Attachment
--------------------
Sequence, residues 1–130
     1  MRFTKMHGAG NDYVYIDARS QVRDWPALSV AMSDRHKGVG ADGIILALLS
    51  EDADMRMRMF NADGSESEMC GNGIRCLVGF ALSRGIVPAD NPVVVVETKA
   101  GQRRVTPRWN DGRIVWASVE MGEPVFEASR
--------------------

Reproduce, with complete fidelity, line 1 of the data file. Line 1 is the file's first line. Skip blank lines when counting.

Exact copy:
Sequence, residues 1–130